Under the New Mexico Human Rights Act, employers may not make hiring decisions or make inquiries of or impose conditions on prospective employees on the basis of race, age, religion, color, national origin, ancestry, sex, physical or mental disability, or serious medical condition unless membership in a particular group is a bona fide occupational qualification (BFOQ) (NM Stat. Sec. 28-1-1 et seq.). Employment situations requiring BFOQs are rare and employers should exercise extreme caution in making any such classification. Additional information is available.
Coverage. The Act applies to employers with four or more employees, except in the following categories:
• Spousal affiliation discrimination applies to employers with 50 or more employees.
• Sexual orientation or gender identity discrimination applies to employers with 15 more employees.
New Mexico law prohibits employers from requesting or requiring job applicants to provide passwords or access to their social networking accounts (NM Stat. Sec. 50-4-34). Employers are also prohibited from demanding access in any manner to prospective employees’ accounts or profiles on social networking websites. The law does not prohibit the employer from obtaining information that is already in the public domain.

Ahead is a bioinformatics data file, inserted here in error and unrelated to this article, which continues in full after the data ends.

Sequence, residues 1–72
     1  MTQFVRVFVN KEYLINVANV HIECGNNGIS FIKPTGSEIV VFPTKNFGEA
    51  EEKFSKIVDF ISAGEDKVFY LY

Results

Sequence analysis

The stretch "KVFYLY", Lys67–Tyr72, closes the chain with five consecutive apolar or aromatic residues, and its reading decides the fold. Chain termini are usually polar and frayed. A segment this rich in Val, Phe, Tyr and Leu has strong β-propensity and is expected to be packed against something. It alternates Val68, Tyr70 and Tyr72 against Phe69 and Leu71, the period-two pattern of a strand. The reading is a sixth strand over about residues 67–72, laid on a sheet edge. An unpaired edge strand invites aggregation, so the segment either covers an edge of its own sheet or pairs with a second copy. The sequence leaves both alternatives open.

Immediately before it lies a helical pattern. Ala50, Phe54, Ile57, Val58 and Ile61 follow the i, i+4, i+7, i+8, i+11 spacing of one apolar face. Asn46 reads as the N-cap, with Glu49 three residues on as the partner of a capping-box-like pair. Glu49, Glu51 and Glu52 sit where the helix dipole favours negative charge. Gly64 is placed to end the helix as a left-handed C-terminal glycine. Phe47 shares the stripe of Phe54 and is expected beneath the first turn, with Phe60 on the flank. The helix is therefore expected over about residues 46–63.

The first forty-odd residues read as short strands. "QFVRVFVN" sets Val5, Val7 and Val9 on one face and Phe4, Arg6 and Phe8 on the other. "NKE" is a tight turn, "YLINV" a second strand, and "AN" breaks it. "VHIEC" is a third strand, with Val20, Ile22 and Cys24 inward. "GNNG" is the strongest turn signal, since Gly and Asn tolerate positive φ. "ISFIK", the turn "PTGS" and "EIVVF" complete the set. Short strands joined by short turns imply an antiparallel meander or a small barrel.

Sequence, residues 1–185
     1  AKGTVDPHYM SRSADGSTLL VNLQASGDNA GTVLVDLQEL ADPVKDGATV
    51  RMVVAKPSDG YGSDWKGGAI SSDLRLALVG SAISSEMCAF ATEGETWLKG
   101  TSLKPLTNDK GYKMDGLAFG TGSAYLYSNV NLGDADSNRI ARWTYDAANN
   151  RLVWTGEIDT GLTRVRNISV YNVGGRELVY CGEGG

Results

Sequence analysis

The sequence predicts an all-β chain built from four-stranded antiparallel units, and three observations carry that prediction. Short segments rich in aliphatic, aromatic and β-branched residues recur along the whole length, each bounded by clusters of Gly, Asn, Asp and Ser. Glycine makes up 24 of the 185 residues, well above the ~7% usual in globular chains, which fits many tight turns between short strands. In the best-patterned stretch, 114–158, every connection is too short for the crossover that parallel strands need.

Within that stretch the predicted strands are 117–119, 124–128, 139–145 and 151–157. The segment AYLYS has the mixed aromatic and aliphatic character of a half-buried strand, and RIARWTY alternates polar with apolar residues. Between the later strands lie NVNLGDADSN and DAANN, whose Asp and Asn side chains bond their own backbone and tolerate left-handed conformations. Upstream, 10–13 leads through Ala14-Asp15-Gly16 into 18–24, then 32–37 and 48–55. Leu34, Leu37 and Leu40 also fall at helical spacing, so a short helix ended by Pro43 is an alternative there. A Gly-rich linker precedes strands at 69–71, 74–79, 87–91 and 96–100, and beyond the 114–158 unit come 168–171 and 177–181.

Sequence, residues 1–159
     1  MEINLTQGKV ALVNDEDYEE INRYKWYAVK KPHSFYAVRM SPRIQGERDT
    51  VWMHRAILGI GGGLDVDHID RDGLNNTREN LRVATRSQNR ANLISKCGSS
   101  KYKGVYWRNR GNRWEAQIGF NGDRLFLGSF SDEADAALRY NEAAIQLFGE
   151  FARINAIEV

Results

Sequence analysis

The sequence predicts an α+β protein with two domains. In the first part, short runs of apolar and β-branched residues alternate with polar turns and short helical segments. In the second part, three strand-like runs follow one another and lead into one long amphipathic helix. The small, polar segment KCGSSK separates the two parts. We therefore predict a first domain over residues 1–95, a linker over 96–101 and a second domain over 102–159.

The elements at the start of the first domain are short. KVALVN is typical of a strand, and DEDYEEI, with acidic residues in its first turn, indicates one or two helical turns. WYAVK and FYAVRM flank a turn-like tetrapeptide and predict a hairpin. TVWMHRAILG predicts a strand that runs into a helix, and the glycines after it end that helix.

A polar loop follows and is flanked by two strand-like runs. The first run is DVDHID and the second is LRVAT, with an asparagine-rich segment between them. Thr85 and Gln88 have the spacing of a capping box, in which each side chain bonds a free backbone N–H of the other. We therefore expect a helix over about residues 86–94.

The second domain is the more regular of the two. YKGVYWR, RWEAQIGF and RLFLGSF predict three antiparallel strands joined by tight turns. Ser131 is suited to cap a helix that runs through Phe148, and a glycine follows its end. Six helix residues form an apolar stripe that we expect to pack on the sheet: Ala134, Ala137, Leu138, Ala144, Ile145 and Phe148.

Criminal convictions. State law prohibits the state and its political subdivisions from asking about an applicant's criminal history on an employment application form. Employers may ask questions about criminal convictions during the interview stage of the hiring process. The law prohibits inquiries about arrest records that did not result in a valid conviction and misdemeanor convictions not involving crimes of moral ...